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I'm Kendra, and I'm here to help you be a genius about the things that matter and lazy about the things that don't. Welcome to your people.

You're Allowed to Take Up Space

You're Allowed to Take Up Space

I’m mere minutes from wearing my swimsuit for the first time this summer.

Yes, it’s July 5th, it’s fine.

I haven’t not worn it on purpose. We don’t belong to a pool, and I’ve passed out from heat exhaustion no less than four times in my life. Being outside in the southern summer sun isn’t my ideal situation.

That said, today is our first Pool Day. It’s fun for a number of reasons - it’s a solid pool with a wide shallow end, my kids can swim to the point where I don’t have to worry they’ll drown, and I really like the women I get to hang out with.

We just hang out in swimsuits instead of jeans and pretend it’s normal.

In a lot of ways, it is. Wearing a swimsuit in a pool is incredibly normal; I think we can all agree on that one. What isn’t quite normal, at least for me, is the low-key hamster wheel of comparison that no one wants but many of us feel.

Sure, comparison is lame. We know it. We’re all different shapes and sizes and who the hell actually cares.

But when I physically take up more space than someone else, I feel like I’m obligated to care. I’m socially required to apologize for being bigger than someone else.

And not just physically. I take up a lot of space personality-wise, too. I’m loud and direct and ask personal questions instead of chitchat. I talk with my hands and sometimes arms. I get fired up really easily. All things considered, I’m a passionate person, and passionate people take up space.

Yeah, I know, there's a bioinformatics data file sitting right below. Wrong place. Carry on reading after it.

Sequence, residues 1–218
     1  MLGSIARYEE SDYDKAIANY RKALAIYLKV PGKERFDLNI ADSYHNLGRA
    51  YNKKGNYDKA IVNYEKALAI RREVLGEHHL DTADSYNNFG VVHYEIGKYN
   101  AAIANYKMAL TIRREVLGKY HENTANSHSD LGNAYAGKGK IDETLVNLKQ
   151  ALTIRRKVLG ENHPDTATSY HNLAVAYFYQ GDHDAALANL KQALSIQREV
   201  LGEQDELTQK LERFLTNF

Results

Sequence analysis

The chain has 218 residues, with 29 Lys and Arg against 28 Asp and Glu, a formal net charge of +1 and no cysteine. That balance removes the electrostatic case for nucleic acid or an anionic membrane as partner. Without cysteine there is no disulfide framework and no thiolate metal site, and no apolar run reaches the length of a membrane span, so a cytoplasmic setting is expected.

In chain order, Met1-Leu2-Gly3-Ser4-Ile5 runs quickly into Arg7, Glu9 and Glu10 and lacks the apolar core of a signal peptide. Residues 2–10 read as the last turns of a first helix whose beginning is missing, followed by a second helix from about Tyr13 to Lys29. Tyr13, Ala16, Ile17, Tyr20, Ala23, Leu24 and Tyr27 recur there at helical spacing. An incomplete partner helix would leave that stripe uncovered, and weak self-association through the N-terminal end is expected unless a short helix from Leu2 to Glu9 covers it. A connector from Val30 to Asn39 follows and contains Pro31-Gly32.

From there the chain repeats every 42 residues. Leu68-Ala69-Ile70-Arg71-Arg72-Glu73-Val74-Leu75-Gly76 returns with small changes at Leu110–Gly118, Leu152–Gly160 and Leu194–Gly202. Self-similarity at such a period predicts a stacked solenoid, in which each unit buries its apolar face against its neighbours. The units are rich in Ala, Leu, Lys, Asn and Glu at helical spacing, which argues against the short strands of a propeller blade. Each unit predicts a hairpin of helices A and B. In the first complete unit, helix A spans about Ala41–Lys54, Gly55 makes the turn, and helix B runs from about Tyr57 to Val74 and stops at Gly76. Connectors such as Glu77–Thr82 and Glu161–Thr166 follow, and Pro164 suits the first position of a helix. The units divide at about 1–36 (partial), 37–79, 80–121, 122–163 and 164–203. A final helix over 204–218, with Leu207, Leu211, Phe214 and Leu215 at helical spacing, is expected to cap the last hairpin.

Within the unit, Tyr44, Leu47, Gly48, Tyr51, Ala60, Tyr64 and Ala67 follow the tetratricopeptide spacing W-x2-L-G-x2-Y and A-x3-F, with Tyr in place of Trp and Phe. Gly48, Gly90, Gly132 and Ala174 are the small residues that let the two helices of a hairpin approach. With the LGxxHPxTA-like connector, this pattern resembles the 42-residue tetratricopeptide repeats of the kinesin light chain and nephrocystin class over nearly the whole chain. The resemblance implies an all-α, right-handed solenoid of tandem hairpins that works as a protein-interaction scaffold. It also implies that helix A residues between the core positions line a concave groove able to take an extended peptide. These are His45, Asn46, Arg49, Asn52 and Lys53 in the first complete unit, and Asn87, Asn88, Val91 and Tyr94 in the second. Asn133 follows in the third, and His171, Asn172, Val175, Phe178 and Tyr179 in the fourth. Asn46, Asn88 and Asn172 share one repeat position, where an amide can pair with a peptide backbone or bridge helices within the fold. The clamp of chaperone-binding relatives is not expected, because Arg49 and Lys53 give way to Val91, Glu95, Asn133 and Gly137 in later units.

And sometimes I feel socially obligated to apologize for that, too.

It’s easy to reduce our insecurities to how we look in a piece of royal blue spandex, but really, the insecurity goes well beyond the physical. It’s just easier to ignore it the other three seasons. I’m finding that my insecurity about my physical size is just a window into my insecurity about everything else. But I’m less concerned about the intangible space I take up in a room when my body is covered. When it’s swimsuit season, all my metaphorical flab is on display.

Today, I realized it’s not about my body. Not really. And now I know how to tell myself true things.

We’re allowed to take up space. We’re allowed to be big and small and flabby and jacked and pear and apple and whatever fruit Vogue says we are.

We’re allowed to be loud and reserved and talkative and nervous and curious and confused.

It’s not “or” because this isn’t linear or comparative.

It just is.

You’re allowed to take up space in a swimsuit, at the splash park, in the PTA meeting, in your marriage, on your blog, and at the sales meeting.

When I get dressed in an hour and leave for the pool, when I take off my coverup and get in the water with my kids, I don’t want to be focused on the physical with internal platitudes like “you’re beautiful no matter what” or “you’re valuable in other ways” or “you’ve had three babies don’t worry about the flab!”

I want to speak the strong and valuable truth that I’m allowed to take up space. My body, my volume, my hand-talking… it’s all allowed. Who I am and the space I take up is acceptable and valuable and doesn’t have to be cloaked in apologies or bravery because “I’m so confident” even though I’ve clearly never stepped foot inside a Crossfit gym.

Dismiss the apologies and qualifications on the space you take up. You’re allowed to be where you are.

You’re allowed to take up space, and we’re all better for it.

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